The front label of the Pack will indicate the length
each hop addition should be boiled. For example, boil “A”
hops for 15 minutes, “B” hops for 5 and “C”
hops for no minutes. This means, when the wort is boiling vigorously,
add the “A” hops and set the oven timer to 15 minutes.
When it points to 5 minutes add the “B” hops and when
the bell rings turn the heat off and add the “C” hops.
Thus, the length the “A” hops are boiled is the total
length of the boil (the simmering that you do previous to turning
the heat up so the wort boils vigorously is not counted)
A few of the Packs also call for a 1.5K can of light liquid malt
extract. These augmented Packs result in 7–8% abv beers. For
issues of hop utilisation previously discussed we recommend the
following procedure for using these cans.
At about 10 minutes before the end of the boil, bail
out 2L of your boiling wort into a smaller pan. This pan is not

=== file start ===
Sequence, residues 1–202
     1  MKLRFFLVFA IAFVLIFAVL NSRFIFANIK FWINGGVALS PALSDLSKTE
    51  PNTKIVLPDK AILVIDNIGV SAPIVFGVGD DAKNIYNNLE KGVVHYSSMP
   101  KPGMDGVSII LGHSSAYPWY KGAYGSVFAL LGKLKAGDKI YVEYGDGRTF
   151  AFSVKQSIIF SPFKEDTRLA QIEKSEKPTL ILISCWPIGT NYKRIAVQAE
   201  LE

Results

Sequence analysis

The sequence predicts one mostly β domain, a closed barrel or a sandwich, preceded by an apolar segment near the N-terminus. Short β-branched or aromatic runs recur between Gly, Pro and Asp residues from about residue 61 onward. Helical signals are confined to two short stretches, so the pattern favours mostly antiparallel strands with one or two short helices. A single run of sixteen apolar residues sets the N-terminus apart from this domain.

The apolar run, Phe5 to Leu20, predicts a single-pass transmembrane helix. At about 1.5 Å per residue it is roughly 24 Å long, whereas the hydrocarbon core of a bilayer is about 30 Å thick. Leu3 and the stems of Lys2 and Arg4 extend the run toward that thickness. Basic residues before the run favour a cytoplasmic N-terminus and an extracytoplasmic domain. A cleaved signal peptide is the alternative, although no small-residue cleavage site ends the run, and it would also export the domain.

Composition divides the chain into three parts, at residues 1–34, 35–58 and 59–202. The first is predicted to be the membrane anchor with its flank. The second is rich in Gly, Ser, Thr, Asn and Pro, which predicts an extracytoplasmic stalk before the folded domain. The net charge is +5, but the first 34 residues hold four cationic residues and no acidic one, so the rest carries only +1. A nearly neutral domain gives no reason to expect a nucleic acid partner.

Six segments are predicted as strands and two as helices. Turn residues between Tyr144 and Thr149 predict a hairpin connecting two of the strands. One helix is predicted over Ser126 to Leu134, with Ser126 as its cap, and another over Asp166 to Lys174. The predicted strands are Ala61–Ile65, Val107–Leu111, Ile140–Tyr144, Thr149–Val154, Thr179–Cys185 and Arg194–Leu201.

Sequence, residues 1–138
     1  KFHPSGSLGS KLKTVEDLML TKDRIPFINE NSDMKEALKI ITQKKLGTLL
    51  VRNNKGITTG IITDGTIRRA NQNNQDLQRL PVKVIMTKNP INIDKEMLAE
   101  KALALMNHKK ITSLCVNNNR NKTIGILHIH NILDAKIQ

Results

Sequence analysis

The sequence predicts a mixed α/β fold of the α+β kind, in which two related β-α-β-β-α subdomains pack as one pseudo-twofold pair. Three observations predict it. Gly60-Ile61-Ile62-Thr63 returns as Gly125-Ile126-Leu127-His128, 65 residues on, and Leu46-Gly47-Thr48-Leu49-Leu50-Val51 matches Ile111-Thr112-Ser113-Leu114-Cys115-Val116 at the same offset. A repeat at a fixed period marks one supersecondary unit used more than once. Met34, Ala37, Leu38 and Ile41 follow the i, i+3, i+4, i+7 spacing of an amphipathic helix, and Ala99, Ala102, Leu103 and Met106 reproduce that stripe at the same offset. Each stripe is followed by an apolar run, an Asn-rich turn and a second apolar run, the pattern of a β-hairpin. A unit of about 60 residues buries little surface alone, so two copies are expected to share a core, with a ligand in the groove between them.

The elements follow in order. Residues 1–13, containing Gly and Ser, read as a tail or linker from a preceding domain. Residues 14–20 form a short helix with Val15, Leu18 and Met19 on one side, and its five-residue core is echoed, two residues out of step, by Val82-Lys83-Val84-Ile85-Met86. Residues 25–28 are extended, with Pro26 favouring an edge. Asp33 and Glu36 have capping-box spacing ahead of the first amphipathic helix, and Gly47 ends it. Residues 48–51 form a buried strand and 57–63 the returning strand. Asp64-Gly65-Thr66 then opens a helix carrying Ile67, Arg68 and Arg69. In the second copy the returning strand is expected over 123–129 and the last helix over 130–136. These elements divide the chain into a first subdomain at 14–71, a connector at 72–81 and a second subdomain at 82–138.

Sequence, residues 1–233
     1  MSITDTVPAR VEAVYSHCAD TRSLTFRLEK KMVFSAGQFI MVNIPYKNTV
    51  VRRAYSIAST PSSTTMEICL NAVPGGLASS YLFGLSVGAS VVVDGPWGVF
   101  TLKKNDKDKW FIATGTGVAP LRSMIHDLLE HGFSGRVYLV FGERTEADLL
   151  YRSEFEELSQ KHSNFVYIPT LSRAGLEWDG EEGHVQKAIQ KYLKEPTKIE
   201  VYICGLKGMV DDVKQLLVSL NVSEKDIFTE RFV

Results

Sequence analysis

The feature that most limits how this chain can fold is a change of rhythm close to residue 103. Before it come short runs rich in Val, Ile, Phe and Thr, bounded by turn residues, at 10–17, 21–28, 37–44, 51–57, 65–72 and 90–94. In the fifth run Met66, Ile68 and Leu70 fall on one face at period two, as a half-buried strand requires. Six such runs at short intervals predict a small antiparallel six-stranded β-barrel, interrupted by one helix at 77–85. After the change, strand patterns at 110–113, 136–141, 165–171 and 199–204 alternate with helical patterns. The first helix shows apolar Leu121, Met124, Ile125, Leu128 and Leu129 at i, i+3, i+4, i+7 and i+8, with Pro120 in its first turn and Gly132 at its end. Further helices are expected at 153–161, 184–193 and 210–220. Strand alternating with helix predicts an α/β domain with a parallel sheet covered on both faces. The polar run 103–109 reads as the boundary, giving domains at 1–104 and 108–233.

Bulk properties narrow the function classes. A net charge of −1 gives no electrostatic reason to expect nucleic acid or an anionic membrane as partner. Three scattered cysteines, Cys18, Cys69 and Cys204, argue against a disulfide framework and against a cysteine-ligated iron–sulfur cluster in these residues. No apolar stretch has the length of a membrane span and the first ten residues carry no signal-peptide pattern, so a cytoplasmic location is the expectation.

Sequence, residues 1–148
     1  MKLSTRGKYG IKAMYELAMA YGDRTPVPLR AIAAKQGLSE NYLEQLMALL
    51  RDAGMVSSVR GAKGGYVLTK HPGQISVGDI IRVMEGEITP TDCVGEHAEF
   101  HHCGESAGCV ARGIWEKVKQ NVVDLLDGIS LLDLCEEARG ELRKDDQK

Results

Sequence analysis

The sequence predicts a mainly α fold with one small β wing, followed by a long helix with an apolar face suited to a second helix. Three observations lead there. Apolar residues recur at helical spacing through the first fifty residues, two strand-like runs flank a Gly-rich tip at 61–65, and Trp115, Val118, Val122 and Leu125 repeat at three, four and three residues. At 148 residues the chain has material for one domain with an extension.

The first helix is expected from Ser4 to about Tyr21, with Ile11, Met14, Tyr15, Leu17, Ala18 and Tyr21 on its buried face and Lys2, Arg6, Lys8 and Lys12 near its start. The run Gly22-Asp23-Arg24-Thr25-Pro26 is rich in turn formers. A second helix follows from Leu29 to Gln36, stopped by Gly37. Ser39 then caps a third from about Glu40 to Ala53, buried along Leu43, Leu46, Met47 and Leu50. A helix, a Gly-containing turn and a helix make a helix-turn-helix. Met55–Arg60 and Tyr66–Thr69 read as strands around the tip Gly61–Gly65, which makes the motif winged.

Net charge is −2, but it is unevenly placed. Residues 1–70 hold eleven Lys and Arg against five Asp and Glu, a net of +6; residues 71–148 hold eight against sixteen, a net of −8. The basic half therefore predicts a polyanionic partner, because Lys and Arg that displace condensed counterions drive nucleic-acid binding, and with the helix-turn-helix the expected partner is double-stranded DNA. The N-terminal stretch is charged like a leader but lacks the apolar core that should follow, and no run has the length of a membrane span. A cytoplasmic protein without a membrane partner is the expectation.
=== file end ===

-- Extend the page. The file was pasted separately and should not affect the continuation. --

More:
to be heated at all. Mix in the liquid malt, that you previously
stood in hot water to soften the contents. Mix in well to dissolve
all the extract, stir for a minute or two, then slowly add the wort
+ liquid extract to your pan of boiling wort, trying not to stop
This way none of the liquid extract will scorch,
and the gravity of your wort is only increased right at the end
of your boil.
It will be advisable to follow the same procedure
with any separate pack of sugar contained in your Pack, save that
Lactose must boil for half an hour.
Add liquid malt extracts and packs of sugar
End of boil
Once you have turned off the heat and added any “C”
hops you need to both cool the wort and separate out the wort from
the trub (hop detritus and hot break.) The first step is to stir
your wort really really well, creating a whirlpool. Put the lid
on the pan of wort, then cover with some teatowels and towels and
let it stand undisturbed for 30–45 minutes.
The wort won’t cool much in this time, but
the trub will form and stabilise into a shallow cone on the bottom
of the pan. You can now bail out, carefully, about half of the wort
before the hops etc get stirred up again. Place this clear bailed
wort into a smaller cleaned and sanitised pan, put the lid on this
then stand it in a sink part filled with cold water, icecubes, etc
to cool the cleared wort.
While this is cooling, add the contents of your can
of beer concentrate to your cleaned and sanitised fementer. Place
a fine, cleaned & sanitised kitchen sieve over your fermenter